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The Washington Post Sunday - - Arts -

MO­MENTO Bebel Gil­berto Some

have pegged Bebel Gil­berto as the No­rah Jones of Brazil­ian pop, as a taste­ful pur­veyor of global mu­sic for the Star­bucks mar­ket. And while her third solo album might seem like a bid for the mid­dle of the road, split­ting the dif­fer­ence be­tween her elec­tronic de­but and its more acous­tic suc­ces­sor, ul­ti­mately the record stands as a tes­ta­ment to Gil­berto’s om­niv­o­rous mu­si­cal ap­petites and com­mand.

“Bring Back the Love,” for ex­am­ple, lay­ers samba rhythms over con­tem­po­rary dance beats. “Caçada,” a song first writ­ten and recorded by Gil­berto’s un­cle Chico Buar­que, is set to a tra­di­tional forró ar­range­ment, com­plete with the flutes, drums and steel-string gui­tars na­tive to north­east­ern Brazil. On “Night and Day” Gil­berto reimag­ines the Cole Porter stan­dard as a bossa-fla­vored reverie. Whether in Por­tuguese or English, nearly ev­ery song here feels like an in­stinc­tive ve­hi­cle for her sup­ple, lan­guorous phras­ing.

Gil­berto made “Mo­mento” in three dif­fer­ent cities with three dif­fer­ent sets of col­lab­o­ra­tors. In Lon­don she worked with pro­ducer Guy Sigsworth, who is per­haps best known for his con­tri­bu­tions to the record­ings of Bjork and Madonna. In Man­hat­tan she teamed up with eclec­tic New York dance-rock­ers the Brazil­ian Girls, and in Rio she worked with mem­bers of the neoBrazil­ian pop combo Forro in the Dark and, on the cha-cha-in­flected “Tran­quilo,” with the 19-mem­ber Orques­tra Im­pe­rial.

Stylis­ti­cally far-reach­ing yet ut­terly of a piece in spirit, Gil­berto’s record sounds like what she has taken to call­ing “Be­bel­mu­sic,” a sleek, sen­sual pulse that would sound at home on the streets of just about any city on the planet.

— Bill Friskics-War­ren DOWN­LOAD TH­ESE: “Caçada,” “Tran­quilo,” “Bring Back the Love” WE’LL NEVER TURN BACK Mavis Sta­ples At

this point, record­ing an album of free­dom songs might strike some as an ex­er­cise in nos­tal­gia, but for Mavis Sta­ples, one of the most stir­ring gospel and soul singers of all time, it couldn’t be time­lier — or more prophetic. Ou­traged by what she saw in New Or­leans af­ter Hur­ri­cane Ka­t­rina, Sta­ples rein­vests the likes of “We Shall Not Be Moved” and “(Ain’t No­body Gonna) Turn Me Around” with the moral author­ity to speak to so­cial and eco­nomic in­jus­tices that per­sist to­day.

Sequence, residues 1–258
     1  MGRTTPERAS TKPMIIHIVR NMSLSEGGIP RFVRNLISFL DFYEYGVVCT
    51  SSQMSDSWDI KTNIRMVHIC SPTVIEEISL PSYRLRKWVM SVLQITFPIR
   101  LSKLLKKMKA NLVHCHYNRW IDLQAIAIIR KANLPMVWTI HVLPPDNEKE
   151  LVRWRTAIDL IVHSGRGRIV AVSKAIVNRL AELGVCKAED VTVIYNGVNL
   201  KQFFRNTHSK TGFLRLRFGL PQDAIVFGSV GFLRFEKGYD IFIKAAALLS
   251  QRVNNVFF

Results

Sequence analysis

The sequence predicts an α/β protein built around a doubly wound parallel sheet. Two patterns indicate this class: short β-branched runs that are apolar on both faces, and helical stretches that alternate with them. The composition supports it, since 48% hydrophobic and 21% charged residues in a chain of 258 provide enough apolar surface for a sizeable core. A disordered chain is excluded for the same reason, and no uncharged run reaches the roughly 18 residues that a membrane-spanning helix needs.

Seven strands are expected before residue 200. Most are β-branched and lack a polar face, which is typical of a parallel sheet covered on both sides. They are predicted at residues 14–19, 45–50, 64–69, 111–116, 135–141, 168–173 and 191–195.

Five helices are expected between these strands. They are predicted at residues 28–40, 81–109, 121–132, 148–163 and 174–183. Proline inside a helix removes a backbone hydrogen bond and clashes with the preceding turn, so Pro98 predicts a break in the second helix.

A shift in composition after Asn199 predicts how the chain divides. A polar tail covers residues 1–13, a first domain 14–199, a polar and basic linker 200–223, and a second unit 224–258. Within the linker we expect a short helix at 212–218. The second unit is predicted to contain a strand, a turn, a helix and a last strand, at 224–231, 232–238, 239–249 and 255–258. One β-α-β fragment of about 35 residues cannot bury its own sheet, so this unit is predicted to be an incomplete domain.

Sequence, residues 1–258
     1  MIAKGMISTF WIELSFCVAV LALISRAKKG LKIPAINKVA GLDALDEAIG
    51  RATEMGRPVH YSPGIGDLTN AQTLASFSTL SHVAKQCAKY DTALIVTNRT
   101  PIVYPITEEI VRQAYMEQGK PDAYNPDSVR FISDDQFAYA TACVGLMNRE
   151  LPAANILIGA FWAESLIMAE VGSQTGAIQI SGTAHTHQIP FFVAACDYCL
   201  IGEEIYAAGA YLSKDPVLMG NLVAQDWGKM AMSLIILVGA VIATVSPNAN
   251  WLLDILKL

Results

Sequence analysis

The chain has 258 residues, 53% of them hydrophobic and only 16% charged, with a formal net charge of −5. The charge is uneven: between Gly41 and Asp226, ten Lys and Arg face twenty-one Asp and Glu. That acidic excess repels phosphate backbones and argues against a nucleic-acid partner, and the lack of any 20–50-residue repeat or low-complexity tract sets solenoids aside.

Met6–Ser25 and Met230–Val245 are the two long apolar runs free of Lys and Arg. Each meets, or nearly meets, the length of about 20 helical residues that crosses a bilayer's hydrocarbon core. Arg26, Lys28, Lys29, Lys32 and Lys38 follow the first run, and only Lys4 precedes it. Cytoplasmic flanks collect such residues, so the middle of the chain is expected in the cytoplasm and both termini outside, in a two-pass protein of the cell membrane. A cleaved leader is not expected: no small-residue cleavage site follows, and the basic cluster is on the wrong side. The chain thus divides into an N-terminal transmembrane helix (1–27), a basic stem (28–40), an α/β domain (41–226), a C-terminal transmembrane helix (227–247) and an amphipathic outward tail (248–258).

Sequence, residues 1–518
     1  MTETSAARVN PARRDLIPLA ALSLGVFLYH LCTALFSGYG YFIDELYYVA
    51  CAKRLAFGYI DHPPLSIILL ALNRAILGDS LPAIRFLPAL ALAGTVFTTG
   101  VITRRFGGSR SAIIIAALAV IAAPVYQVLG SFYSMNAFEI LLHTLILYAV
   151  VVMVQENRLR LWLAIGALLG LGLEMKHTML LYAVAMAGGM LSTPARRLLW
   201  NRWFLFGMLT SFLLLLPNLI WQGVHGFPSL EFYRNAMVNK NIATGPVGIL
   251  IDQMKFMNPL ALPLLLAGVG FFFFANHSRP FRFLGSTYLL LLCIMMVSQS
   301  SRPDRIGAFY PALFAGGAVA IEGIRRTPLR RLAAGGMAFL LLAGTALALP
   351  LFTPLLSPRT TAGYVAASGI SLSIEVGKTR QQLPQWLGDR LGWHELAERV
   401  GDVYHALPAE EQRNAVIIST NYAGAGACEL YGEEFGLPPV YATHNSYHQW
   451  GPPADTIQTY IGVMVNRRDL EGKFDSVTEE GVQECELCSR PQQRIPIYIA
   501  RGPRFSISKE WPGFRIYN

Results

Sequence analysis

“Down in Mis­sis­sippi / brothers in jail, un­e­d­u­cated chil­dren / It’s the 21st cen­tury, it feels like it’s 1960,” she ad-libs in a sear­ing re­make of Dorothy Love Coates’s “Ninety-Nine and a Half.” Later, in “My Own Eyes,” tes­ti­fy­ing to how as a lit­tle girl she and her fa­ther and sib­lings were jailed by Jim Crow po­lice, she cries, “It’s been al­most 50 years / How much longer will it last? / We need a change now more than ever / Why are we still treated so bad?”

Sta­ples en­lists a cloud of kin­dred wit­nesses to join her in her cal­land-re­sponse, no­tably Lady­smith Black Mam­bazo and mem­bers of the orig­i­nal Free­dom Singers, all of whom have known op­pres­sion first­hand. Ry Cooder’s gut­bucket pro­duc­tion lends the mu­sic fur­ther bal­last. Of­ten con­sist­ing of no more than Cooder’s slide gui­tar and his son Joachim’s am­bi­ent per­cus­sion or drum loops, the ar­range­ments sound like 21st-cen­tury up­dates of the soul-folk that the Sta­ple Singers patented back in the 1960s. Rarely have “re­makes” sounded so tonic or in­spired.

— Bill Friskics-War­ren DOWN­LOAD TH­ESE: “Ninety-Nine and a Half,” “My Own Eyes”

BY PHILIPPE KLIOT

Bebel Gil­berto’s Brazil­ian pop cap­ti­vates lis­ten­ers wher­ever they might be.

Mavis Sta­ples’s so­cial jus­tice mes­sage is more res­o­nant than ever.

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